Monday, October 5, 2015

Roundtable Review: Go Set a Watchman

In which several members of our staff who have all read the same book offer their differing thoughts and opinions. Today: the controversial follow-up to Harper Lee's To Kill a Mockingbird. Please note, there WILL be spoilers as we discuss all aspects of this book, including the ending!

Ellen: Reading Go Set a Watchman was a fascinating experience for me. As someone who grew up in the 1960s in the racially tense setting of NYC, I had always found the attitude of Atticus and Scout towards the black community in Maycomb patronizing. What a revelation to read Jean Louise's anger and frustration regarding race relations in Watchman!

As a member of our DFL discussion of the two books said, "Too bad Harper Lee didn't follow up Mockingbird with another book based on Watchman but with the benefit of the terrific editing skills of Tay Hohoff." Perhaps Hohoff thought the public wouldn't be able to respond positively to a more strident narrator. The voice of Scout in Mockingbird is so clear and she shows rather than tells, which makes that book a masterpiece and Watchman a rough draft. We also found the class distinctions in Watchman fascinating to discuss. I agree with the Library Journal's Barbara Hoffert's review which says of Watchman, "Disturbing, important, and not to be compared with Mockingbird; this book is its own signal work."

Judy: From the time I heard that the new Harper Lee novel, Go Set a Watchman, was to be released, I waited patiently for its arrival. I wanted to go back to Atticus, Scout, Calpurnia, and the rest of the characters living in Macomb County. It was worth the wait. Once again, I was holding a book by Harper Lee and clearly, in my opinion, it WAS written by Ms. Lee.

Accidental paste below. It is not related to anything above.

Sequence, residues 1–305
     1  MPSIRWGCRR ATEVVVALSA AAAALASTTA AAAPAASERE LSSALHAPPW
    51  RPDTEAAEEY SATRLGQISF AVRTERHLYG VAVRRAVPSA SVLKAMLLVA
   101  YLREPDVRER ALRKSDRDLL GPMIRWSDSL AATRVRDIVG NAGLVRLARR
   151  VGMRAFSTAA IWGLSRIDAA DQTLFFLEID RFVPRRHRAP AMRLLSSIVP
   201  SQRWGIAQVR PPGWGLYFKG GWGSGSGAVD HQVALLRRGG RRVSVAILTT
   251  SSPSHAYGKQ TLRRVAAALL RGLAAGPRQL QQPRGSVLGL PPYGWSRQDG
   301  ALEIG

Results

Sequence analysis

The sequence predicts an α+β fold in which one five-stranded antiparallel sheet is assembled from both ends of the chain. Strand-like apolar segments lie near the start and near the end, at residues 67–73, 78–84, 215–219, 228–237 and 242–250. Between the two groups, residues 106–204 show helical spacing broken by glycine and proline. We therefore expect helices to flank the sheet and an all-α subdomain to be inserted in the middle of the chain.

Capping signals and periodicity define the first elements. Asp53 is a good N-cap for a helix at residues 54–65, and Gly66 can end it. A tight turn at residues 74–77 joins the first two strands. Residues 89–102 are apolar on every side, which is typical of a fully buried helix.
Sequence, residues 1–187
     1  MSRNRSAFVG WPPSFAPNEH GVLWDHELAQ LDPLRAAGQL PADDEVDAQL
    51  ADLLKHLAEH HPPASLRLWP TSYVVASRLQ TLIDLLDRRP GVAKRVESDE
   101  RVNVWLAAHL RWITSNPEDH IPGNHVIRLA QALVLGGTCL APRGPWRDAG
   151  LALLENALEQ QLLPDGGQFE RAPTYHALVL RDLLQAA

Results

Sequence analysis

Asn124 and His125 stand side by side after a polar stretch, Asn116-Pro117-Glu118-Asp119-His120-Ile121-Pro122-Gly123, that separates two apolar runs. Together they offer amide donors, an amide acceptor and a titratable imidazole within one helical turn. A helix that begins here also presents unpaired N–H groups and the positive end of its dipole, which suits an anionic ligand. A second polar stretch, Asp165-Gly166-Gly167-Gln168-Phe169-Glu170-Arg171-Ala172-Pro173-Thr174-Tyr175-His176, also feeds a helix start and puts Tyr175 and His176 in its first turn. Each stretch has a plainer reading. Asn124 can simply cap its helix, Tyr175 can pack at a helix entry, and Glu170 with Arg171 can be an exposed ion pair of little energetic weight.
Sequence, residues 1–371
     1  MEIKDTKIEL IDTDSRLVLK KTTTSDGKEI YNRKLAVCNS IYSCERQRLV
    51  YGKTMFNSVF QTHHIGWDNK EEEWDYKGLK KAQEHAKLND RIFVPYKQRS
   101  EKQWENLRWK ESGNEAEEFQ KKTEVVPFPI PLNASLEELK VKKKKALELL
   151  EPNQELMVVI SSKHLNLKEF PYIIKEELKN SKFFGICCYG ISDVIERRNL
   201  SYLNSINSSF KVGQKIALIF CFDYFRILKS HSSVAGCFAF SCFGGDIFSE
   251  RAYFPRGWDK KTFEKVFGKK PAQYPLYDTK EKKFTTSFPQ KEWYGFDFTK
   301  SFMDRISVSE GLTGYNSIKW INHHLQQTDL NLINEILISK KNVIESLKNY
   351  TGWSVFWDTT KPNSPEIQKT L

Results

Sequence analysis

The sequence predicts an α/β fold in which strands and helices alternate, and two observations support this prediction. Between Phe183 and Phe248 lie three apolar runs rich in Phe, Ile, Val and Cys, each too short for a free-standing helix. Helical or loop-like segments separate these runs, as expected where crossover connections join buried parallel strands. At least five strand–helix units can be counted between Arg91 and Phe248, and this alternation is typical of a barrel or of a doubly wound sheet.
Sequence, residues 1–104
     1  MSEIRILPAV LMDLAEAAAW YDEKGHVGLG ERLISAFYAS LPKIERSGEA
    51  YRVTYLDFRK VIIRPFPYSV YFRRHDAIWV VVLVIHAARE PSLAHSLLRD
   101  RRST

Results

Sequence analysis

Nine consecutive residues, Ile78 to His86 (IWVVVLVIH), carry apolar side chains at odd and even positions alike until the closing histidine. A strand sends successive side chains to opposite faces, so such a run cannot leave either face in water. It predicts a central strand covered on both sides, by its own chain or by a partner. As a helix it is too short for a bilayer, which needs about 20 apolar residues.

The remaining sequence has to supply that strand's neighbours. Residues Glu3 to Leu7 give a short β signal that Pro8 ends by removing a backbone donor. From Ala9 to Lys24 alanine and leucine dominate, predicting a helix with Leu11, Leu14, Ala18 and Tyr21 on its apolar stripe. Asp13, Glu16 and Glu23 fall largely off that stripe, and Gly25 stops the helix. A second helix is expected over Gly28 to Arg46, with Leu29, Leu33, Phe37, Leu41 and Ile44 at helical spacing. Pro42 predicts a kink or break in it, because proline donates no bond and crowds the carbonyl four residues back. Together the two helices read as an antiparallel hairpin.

Of course, the story was different and, after reading many reviews, I was prepared when Scout/Jean Louise, looking back at her childhood, was disenchanted with what she found. Atticus was not the hero she portrayed in Mockingbird. He was simply a man  a good man  who was living with the beliefs of many men of his time, and who would have changed his racial views as time progressed.

Unfortunately, issues of race had not changed much from the 1930s to the 1950s in Alabama, and coming to terms with life in Maycomb, and with Atticus in particular, was painful for Scout, now a city girl living in the more liberal Northeast. Scout's life and her relationships with family and friends were affected by what she found out about Atticus on one of her annual visits. However, the insightfulness of Atticus prevailed as before and he helped Scout resolve her conflict and move into adulthood as an independent person.

I loved holding the book, I loved reading the book, and I love the poetic and sublime writing of Harper Lee.

Pat: Before I read the book, I had read some reviews of it in magazines and online. One of the comments made was not to look at the book as a prequel or a sequel, but to read it as a completely "stand alone" novel. With this in mind I read the book and struggled right from the beginning. My immediate feeling was that I was not a fan of the "grownup" Scout at all. I found her very abrasive, not particularly sensitive, cynical, and foul-mouthed.  While I admired her strength and independence, especially as a young woman during this time period in history, I just did not find her likable.